Note: This was originally posted to www.endusersharepoint.com.
A few weeks ago I had the chance to speak at SharePoint Saturday in New York. Once again, a tremendous event. This time, I spoke about “learning SharePoint” – a very broad topic. During the presentation (which you can get here), I talked about a variety of techniques for “learning” SharePoint, including stuff like book learning, class room training, creating your own VM and most importantly (to me), community participation. One way to participate in the SharePoint community is via blogging. Someone asked me about blogging in particular and asked my opinion on a few concerns he had that I’ve heard others mention before. It’s been itching at the back of my head for a few weeks so in my usual fashion, I’m scratching that itch by blogging about it.
Some people seem to think that there are so many quality bloggers out there on the scene today and that so many quality blog entries have been written that in a sense, there’s nothing new to write about. Or, the “new” thing is so narrowly focused that it’s not going to be interesting to anyone. I don’t agree with those sentiments or the underlying assumption about them.
For starters, if you’re blogging because it’s part of your personal attempt at learning SharePoint well, it’s really irrelevant if someone has written on your topic or not. One of the drivers behind community participation, whether it’s for personal learning or not, is that you need to get it right. No one wants to put up some weak blog entry and look silly in front of the world. In the course of getting it right, you’re going to think the subject through more carefully, etc. Thus, you’re thinking, studying and considering this topic from all kinds of angles, left to right, up to down, inside and out (or at least you should be). That’s a very valuable exercise. In fact, it’s almost beside the point of pushing the “post” button by the time you finish writing it since you’ve already derived much of the benefit by now. Of course, you do want to push the post button anyway for a variety of reasons, but I digress. The bottom line is that blogging is a valuable learning exercise in and of itself, period.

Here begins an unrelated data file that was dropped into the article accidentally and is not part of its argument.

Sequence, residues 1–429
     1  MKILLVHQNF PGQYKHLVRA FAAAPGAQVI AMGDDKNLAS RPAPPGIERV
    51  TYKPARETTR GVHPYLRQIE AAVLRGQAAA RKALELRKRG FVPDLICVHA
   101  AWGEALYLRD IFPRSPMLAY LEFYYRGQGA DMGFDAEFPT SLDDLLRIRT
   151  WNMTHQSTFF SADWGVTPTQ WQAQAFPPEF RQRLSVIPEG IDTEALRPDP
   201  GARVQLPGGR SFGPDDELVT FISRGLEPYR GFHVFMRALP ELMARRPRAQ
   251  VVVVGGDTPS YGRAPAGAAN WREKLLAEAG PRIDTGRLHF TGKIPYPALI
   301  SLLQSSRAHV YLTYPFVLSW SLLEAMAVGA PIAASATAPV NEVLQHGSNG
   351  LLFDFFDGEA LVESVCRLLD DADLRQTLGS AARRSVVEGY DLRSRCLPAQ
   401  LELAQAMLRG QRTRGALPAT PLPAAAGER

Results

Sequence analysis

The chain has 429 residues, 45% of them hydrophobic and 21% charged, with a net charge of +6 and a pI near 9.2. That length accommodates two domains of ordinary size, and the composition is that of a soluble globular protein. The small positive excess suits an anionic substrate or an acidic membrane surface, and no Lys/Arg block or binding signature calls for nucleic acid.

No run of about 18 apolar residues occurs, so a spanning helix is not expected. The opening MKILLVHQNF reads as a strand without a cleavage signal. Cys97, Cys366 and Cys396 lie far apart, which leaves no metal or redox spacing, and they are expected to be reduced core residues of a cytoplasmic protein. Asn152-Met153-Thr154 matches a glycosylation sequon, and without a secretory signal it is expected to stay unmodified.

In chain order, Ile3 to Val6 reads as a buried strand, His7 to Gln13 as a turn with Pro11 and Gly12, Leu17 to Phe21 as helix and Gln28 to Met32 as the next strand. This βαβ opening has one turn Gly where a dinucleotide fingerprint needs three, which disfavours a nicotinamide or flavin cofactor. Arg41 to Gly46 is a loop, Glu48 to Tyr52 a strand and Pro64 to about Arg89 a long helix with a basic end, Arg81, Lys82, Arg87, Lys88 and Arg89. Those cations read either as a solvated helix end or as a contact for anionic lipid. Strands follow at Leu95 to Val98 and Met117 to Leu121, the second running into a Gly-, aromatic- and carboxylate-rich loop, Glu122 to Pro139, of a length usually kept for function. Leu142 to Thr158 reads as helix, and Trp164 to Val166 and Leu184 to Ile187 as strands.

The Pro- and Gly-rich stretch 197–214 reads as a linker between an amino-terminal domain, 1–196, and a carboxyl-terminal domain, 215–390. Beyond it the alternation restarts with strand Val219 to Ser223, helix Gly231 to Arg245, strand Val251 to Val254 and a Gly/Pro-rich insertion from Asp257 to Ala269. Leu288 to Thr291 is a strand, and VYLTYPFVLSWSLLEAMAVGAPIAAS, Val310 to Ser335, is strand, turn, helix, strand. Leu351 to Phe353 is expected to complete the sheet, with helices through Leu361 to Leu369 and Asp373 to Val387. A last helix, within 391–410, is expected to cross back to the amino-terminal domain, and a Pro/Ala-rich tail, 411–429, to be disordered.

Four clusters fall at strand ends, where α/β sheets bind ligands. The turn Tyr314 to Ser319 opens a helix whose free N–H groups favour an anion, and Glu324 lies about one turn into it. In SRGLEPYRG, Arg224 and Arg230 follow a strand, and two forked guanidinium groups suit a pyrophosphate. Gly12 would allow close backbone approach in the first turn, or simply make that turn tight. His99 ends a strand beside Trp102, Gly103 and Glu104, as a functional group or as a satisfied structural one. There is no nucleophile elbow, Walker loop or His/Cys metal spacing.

I also reject the “it’s already been done” argument. So what if it was? The terrible consequence is that people who are looking up your topic via bing will now find two or five or a dozen articles. Who cares? I always prefer to find several articles on the same topic when I go searching the tubes for stuff. Different points of view, different writing styles, different approaches to the same problem – they all help me understand what I need. In my opinion, the community is no where close to reaching a saturation point on good quality blog articles on any topic in the SharePoint world.
So, blog away! You won’t hear me complaining about it. I guarantee it 🙂
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